In 2010, the US National Psoriasis Foundation published consensus guidelines advocating the use of cyclosporine or infliximab as first-line therapy in unstable cases, with acitretin and methotrexate reserved for stable cases.[5] At the time of making these guidelines, secukinumab was not available. The importance of Th17 cells in the pathogenesis of EP has recently been investigated. Th17 cells secrete IL-17, IL-22, and interferon, inducing the production of inflammatory chemokines by T-cells, dendritic cells, and neutrophils. Using immunohistochemical analysis, Moy et al. found Th17 to be the most predominant T-cell subset after Th2 in EP lesions.[6] These findings suggest that secukinumab may be considered a therapeutic option for EP.

Carrasquillo et al. conducted a systematic review on the use of biologics in EP. This review had 19 patients treated with secukinumab. Eighty-four percent of treated patients responded to treatment without any significant adverse event, whereas 31% of patients had a relapse. They concluded that secukinumab has a rapid onset of action and provides sustained clearance and should be considered biologic of choice for the management of EP. We used secukinumab because of ease of administration and our familiarity with the drug.[7],[8]

Efficacy assessment in our patient was performed by measuring PASI and DLQI at baseline. In most of the published reports, PASI 90 was achieved at 12–16 weeks.[1],[3],[4] However, our patient achieved PASI 90 at 4 weeks of treatment. Weng et al., in their reported case series, have suggested previous treatment with biologic as a reason for suboptimal treatment response with secukinumab in EP.[4] Our patient being biologic naïve, may account for rapid and sustained response to secukinumab.

We report this case in view of a striking and rapid response to Secukinumab in EP with an excellent safety profile. To validate the same, further investigations are needed to better understand the role of the IL-23/Th17 pathway in EP, and future studies are warranted toward the identification of the optimal dosage and treatment interval of Secukinumab in EP. Nevertheless, Secukinumab, with its ease of administration and safety has the potential to address the unmet needs of patients with EP and comes forth as a promising intervention in the armamentarium of drugs for EP.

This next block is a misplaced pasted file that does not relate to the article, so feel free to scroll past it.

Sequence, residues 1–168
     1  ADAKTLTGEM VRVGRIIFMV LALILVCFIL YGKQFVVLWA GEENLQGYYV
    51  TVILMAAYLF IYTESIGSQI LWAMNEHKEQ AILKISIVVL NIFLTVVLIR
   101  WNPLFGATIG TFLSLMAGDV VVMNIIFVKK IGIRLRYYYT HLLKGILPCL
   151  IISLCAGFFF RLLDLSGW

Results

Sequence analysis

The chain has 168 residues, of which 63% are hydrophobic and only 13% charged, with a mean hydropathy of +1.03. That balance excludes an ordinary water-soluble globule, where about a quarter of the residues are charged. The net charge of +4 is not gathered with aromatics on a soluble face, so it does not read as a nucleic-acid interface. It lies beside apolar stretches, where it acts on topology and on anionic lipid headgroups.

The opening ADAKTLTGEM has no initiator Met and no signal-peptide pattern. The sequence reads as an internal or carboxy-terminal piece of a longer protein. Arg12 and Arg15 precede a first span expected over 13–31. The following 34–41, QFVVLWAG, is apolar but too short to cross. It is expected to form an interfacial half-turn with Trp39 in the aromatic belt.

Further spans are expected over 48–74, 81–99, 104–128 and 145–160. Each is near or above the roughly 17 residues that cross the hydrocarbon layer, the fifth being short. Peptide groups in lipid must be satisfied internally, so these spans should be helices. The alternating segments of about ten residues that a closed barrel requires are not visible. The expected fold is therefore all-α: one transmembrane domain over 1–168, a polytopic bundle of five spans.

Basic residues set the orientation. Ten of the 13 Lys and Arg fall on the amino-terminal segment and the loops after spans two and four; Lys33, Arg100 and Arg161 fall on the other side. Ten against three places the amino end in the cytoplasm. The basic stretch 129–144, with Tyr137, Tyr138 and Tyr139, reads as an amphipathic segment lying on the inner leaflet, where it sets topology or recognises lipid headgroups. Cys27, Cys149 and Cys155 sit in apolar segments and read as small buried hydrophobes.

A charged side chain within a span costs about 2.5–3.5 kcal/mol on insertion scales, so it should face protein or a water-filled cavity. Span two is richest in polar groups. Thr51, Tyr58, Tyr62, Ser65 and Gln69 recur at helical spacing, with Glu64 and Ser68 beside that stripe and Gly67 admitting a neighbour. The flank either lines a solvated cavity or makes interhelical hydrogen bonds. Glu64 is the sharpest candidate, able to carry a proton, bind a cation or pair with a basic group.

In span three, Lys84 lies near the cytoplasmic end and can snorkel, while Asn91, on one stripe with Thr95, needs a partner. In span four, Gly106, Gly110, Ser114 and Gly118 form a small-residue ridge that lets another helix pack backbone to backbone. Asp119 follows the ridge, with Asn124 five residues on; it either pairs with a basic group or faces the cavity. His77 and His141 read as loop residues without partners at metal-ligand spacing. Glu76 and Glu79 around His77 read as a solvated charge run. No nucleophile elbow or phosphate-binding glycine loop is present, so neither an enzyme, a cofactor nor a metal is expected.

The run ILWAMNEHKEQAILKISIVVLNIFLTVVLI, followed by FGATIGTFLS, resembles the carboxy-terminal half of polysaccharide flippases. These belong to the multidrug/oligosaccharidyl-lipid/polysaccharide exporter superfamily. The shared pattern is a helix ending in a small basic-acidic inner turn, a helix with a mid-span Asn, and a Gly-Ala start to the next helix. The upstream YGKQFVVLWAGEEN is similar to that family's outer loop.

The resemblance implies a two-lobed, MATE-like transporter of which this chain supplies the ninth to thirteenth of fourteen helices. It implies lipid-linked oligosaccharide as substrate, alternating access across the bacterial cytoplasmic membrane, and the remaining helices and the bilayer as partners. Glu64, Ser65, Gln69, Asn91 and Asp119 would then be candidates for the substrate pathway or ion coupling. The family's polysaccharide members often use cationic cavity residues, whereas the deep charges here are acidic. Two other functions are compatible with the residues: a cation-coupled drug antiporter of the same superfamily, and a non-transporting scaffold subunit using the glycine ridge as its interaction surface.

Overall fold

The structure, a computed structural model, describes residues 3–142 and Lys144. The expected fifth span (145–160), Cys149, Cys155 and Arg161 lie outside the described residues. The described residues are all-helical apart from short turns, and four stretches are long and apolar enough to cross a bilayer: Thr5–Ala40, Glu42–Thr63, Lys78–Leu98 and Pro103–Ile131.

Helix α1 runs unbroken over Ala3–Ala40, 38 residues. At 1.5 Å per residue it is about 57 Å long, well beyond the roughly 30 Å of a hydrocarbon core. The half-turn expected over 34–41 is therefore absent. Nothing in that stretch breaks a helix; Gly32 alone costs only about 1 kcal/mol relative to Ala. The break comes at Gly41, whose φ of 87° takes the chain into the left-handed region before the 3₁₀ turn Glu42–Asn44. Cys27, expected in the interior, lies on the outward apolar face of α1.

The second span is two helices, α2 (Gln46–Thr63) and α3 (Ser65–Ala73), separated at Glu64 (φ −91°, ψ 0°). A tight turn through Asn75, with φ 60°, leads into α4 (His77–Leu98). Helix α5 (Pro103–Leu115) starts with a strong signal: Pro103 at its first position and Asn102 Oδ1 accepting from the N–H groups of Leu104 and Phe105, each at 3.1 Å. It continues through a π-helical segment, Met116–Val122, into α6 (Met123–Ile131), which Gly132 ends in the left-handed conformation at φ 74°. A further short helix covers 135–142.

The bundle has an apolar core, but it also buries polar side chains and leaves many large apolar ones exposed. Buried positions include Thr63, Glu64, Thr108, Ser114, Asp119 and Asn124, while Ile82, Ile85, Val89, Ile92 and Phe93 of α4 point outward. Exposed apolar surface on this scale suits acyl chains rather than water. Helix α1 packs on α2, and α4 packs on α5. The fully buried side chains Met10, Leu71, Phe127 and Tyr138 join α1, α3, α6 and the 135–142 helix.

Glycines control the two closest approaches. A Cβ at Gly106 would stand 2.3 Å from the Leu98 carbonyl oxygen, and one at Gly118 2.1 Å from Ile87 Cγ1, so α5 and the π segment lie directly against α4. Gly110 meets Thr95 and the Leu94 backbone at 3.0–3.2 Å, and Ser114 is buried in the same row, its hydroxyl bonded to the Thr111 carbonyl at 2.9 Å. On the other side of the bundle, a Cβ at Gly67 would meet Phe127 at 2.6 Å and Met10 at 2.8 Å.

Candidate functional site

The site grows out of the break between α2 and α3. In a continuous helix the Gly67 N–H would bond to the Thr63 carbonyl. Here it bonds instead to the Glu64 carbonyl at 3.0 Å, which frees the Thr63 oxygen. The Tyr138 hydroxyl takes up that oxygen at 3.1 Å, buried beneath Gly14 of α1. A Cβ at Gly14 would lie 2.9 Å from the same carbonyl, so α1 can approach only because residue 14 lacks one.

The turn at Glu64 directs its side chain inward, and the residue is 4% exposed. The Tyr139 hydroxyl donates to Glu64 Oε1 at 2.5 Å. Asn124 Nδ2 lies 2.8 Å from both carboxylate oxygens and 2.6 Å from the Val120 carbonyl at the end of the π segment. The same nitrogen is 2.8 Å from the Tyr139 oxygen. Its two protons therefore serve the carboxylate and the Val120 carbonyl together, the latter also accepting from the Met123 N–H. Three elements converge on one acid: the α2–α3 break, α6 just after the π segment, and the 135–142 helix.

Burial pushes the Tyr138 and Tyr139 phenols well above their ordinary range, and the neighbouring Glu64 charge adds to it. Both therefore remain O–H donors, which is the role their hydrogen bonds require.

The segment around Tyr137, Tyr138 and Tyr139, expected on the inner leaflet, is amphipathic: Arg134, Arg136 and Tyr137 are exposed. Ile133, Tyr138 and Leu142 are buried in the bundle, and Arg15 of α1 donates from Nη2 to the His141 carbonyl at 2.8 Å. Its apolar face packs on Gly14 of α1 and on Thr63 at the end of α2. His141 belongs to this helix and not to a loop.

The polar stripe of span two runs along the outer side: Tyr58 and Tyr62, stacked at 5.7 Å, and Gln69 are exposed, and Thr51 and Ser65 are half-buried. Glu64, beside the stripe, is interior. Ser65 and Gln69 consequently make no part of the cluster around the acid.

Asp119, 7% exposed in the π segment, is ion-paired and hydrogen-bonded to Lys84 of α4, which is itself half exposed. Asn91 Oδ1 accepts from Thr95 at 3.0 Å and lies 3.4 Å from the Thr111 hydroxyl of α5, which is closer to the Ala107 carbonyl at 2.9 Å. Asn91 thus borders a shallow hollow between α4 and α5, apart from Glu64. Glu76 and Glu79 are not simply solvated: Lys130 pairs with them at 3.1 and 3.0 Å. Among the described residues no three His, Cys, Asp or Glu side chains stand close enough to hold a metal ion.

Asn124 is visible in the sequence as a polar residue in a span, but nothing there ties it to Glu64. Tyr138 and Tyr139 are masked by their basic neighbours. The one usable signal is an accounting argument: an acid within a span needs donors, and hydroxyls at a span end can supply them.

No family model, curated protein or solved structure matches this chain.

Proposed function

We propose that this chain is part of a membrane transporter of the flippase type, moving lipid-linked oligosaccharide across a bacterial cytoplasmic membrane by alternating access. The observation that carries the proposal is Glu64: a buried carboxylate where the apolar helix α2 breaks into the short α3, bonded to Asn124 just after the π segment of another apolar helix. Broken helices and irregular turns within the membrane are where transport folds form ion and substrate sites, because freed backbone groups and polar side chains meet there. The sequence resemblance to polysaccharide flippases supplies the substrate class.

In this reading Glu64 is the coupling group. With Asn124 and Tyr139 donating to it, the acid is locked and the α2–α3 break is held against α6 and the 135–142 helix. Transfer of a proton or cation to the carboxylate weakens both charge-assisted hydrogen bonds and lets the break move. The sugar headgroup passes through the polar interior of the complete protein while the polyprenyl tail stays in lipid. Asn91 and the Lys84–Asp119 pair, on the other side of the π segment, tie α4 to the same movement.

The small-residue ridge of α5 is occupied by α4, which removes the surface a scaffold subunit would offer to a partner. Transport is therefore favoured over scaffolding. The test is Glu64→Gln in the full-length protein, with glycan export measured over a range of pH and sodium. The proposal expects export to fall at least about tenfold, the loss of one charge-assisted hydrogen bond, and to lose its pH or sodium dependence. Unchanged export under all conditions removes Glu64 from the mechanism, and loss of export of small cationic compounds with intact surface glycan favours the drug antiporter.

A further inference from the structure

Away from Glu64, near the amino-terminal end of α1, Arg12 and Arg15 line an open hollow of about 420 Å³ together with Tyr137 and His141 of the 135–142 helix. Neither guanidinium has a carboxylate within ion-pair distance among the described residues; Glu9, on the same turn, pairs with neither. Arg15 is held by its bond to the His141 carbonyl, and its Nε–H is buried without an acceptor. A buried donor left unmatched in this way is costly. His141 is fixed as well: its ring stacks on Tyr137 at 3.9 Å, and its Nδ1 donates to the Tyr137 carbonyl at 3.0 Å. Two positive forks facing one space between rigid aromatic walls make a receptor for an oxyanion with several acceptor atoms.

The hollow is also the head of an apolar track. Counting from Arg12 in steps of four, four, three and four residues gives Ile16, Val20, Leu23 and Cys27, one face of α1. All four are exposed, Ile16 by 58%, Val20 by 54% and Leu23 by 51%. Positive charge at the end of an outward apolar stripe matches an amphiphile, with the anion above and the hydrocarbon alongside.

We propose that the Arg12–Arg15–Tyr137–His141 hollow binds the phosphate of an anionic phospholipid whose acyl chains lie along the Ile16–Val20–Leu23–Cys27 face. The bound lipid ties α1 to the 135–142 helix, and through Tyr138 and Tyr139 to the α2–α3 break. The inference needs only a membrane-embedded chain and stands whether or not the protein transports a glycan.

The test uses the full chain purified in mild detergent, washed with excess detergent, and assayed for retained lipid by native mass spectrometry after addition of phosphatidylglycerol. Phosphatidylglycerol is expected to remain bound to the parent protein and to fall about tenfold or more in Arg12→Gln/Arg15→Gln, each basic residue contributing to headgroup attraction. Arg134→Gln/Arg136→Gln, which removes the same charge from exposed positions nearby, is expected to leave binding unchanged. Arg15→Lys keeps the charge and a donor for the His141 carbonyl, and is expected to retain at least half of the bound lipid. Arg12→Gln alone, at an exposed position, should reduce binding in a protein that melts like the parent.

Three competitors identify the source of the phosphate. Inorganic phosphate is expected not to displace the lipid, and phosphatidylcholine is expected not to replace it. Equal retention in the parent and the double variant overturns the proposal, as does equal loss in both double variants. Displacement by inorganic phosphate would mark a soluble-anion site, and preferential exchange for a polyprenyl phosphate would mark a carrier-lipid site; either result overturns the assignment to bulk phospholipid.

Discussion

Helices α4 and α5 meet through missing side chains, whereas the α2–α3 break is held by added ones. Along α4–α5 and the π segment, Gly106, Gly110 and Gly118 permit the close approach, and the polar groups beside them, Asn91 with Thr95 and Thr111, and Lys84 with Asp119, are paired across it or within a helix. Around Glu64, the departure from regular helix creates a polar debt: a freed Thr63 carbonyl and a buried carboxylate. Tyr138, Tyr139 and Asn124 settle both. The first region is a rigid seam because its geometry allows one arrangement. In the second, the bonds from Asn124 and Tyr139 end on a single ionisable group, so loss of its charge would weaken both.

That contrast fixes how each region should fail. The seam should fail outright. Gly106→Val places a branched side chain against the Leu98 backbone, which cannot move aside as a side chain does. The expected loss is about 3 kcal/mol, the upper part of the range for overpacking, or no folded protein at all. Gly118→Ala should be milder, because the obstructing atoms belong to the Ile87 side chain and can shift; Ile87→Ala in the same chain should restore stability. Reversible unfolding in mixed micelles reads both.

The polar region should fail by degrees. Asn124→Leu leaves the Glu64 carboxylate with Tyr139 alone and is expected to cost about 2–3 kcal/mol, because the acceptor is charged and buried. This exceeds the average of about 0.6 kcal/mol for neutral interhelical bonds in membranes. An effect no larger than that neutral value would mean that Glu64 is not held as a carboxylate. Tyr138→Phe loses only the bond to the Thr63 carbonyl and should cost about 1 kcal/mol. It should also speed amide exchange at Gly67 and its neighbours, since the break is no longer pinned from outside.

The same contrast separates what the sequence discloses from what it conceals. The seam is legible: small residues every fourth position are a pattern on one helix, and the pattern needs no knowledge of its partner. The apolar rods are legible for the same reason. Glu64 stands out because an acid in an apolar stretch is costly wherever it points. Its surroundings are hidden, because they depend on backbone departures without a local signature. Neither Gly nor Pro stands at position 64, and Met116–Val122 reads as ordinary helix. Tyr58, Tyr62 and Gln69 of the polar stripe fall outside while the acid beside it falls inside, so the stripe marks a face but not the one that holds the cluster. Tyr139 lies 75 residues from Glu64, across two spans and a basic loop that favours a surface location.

Declaration of patient consent

The authors certify that they have obtained all appropriate patient consent forms. In the form the patient(s) has/have given his/her/their consent for his/her/their images and other clinical information to be reported in the journal. The patients understand that their names and initials will not be published and due efforts will be made to conceal their identity, but anonymity cannot be guaranteed.

Financial support and sponsorship

Nil.

Conflicts of interest

There are no conflicts of interest.



 
  References Top

1.
Damiani G, Pacifico A, Russo F, Pigatto PDM, Bragazzi NL, Bonifati C, et al. Use of secukinumab in a cohort of erythrodermic psoriatic patients: A pilot study. J Clin Med 2019;8:770.  Back to cited text no. 1
    
2.
Xing X, Liang Y, Sarkar MK, Wolterink L, Swindell WR, Voorhees JJ, et al. IL-17 Responses are the dominant inflammatory signal linking inverse, erythrodermic, and chronic plaque psoriasis. J Invest Dermatol 2016;136:2498-501.  Back to cited text no. 2
    
3.
Mateu-Puchades A, Santos-Alarcón S, Martorell-Calatayud A, Pujol-Marco C, Sánchez-Carazo JL. Erythrodermic psoriasis and secukinumab: Our clinical experience. Dermatol Ther 2018;31:e12607.  Back to cited text no. 3
    
4.
Weng HJ, Wang TS, Tsai TF. Clinical experience of secukinumab in the treatment of erythrodermic psoriasis: a case series. Br J Dermatol 2018;178:1439-40.  Back to cited text no. 4
    
5.
Singh RK, Lee KM, Ucmak D, Brodsky M, Atanelov Z, Farahnik B, et al. Erythrodermic psoriasis: Pathophysiology and current treatment perspectives. Psoriasis (Auckl) 2016;6:93-104.  Back to cited text no. 5
    
6.
Moy AP, Murali M, Kroshinsky D, Duncan LM, Nazarian RM. Immunologic overlap of helper T-cell subtypes 17 and 22 in erythrodermic psoriasis and atopic dermatitis. JAMA Dermatol 2015;151:753-60.  Back to cited text no. 6
    
7.
Mugheddu C, Atzori L, Lappi A, Pau M, Murgia S, Rongioletti F. Successful Secukinumab treatment of generalized pustular psoriasis and erythrodermic psoriasis. J Eur Acad Dermatol Venereol 2017;31:e420-1.  Back to cited text no. 7
    
8.
Carrasquillo OY, Pabón-Cartagena G, Falto-Aizpurua LA, Santiago-Vázquez M, Cancel-Artau KJ, Arias-Berrios G, et al. Treatment of erythrodermic psoriasis with biologics: A systematic review. [Published online ahead of print, 2020 Apr 02]. J Am Acad Dermatol 2020;S0190-9622(20)30496-5.  Back to cited text no. 8